Define the UAT scope, identify participants, and develop a detailed test plan. The UAT involves having participants interact with the service catalogue, collecting and analysing feedback, addressing issues, and repeating the UAT if necessary.
Once the UAT is completed and all issues are addressed, the service catalogue can be deployed into production.
Some steps to consider during the deployment phase are:
Continuous improvement is essential for a service catalogue to remain relevant and useful to users.
Collect feedback from users on their experience with the service catalogue, including usability, relevance, and accessibility. Analyse the feedback to identify any issues, gaps, or areas for improvement in the service catalogue.
Prioritise improvements based on the feedback analysis and the impact they will have on users and the organization.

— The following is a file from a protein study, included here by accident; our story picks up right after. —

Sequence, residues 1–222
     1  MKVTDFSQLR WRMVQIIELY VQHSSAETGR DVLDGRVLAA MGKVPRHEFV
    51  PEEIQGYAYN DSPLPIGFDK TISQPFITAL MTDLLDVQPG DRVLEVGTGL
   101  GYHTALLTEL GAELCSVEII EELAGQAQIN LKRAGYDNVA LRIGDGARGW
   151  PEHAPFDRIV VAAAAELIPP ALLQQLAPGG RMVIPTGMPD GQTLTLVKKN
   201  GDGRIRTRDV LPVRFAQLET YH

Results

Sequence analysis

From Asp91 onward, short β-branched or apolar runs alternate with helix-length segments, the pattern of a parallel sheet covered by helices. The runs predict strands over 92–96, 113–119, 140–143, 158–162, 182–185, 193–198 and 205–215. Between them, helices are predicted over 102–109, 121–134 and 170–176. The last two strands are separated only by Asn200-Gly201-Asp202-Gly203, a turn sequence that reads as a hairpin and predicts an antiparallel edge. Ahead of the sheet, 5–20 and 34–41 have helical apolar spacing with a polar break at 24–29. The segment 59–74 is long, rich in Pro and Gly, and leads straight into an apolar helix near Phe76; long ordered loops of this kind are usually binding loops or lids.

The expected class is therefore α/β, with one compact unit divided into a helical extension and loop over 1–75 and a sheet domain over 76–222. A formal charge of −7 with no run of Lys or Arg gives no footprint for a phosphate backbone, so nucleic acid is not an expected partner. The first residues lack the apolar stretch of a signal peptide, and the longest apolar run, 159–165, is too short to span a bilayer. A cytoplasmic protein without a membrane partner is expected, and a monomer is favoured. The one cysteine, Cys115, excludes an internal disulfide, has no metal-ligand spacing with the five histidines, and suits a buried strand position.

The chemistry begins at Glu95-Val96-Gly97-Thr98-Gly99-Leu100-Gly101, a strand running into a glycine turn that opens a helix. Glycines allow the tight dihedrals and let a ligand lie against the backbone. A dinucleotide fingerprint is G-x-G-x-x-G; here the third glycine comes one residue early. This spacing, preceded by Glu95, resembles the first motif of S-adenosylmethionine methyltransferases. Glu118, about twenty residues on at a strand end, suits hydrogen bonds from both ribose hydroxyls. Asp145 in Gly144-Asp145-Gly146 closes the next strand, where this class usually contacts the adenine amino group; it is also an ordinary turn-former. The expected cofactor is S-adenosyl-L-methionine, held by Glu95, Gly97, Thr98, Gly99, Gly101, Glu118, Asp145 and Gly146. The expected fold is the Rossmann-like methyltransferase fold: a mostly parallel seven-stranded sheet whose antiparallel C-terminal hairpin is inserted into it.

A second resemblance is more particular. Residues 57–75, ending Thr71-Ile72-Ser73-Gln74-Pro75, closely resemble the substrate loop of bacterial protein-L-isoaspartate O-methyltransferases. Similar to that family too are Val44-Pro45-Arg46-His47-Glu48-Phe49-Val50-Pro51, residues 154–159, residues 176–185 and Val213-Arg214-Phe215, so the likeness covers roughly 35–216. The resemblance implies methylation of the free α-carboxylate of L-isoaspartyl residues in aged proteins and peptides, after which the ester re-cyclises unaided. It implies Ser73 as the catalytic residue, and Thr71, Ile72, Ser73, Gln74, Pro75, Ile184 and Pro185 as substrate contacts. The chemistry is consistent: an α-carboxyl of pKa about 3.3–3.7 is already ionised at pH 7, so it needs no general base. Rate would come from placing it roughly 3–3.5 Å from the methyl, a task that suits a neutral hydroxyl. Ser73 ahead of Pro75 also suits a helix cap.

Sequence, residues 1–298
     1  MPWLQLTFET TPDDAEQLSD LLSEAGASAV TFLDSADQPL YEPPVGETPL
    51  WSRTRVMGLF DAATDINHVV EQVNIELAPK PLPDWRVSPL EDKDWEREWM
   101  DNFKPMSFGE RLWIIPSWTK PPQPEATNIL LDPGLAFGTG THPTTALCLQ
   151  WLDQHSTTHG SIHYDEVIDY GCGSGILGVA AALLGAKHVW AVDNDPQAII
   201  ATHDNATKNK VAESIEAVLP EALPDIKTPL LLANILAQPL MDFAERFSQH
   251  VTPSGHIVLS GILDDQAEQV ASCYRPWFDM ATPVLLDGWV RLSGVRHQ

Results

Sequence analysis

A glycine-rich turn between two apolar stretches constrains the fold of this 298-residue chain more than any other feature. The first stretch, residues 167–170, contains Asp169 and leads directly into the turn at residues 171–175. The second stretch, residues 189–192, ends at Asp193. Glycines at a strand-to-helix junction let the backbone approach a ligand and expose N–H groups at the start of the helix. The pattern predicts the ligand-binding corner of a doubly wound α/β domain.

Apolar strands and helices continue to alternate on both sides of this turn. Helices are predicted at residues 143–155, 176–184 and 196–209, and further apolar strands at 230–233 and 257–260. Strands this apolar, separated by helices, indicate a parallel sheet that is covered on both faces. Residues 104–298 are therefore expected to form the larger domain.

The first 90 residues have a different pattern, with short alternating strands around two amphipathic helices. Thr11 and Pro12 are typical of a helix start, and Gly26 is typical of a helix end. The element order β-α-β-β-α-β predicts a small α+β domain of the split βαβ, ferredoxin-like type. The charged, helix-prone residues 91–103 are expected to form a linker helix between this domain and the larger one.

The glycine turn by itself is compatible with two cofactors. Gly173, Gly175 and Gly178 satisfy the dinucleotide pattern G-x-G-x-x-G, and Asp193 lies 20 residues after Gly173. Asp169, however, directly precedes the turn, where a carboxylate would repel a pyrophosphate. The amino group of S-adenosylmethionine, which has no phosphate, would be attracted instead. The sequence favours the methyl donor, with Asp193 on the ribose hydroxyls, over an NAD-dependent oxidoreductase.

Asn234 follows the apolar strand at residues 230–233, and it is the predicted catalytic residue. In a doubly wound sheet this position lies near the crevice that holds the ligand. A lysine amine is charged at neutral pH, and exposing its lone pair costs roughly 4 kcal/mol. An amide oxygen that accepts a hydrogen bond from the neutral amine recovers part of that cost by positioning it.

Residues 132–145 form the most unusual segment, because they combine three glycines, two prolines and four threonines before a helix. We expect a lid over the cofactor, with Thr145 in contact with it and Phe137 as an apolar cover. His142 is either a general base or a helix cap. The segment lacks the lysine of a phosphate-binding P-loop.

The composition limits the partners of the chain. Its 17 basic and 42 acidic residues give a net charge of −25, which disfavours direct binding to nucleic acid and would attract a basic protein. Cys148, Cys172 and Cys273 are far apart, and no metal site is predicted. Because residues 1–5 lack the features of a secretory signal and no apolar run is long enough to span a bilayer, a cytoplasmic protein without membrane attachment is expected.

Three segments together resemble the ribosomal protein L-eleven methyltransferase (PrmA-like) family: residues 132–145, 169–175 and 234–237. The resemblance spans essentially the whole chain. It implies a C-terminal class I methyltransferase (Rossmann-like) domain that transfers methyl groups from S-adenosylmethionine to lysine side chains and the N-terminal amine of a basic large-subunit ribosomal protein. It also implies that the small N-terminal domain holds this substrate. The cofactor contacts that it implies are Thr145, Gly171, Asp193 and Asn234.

Develop a plan for implementing the improvements, including timelines, resources required, and potential risks. Implement the improvements according to the plan, making sure to test and validate the changes before deploying them.
Remember to communicate the changes to users, including any changes to access, search features, or service descriptions.
Finally, monitor usage of the service catalogue after the improvements are implemented and collect feedback to ensure that the improvements have had the desired effect.
The Alemba Service Manager ITSM Tool offers a robust solution for your organisation to document its technical service catalogue and the configuration items that constitute those services.
ASM supports the linking of your technical services to the published business services they support, presented in an attractive and easy to use service catalogue that combines text and graphics in a consumerised format.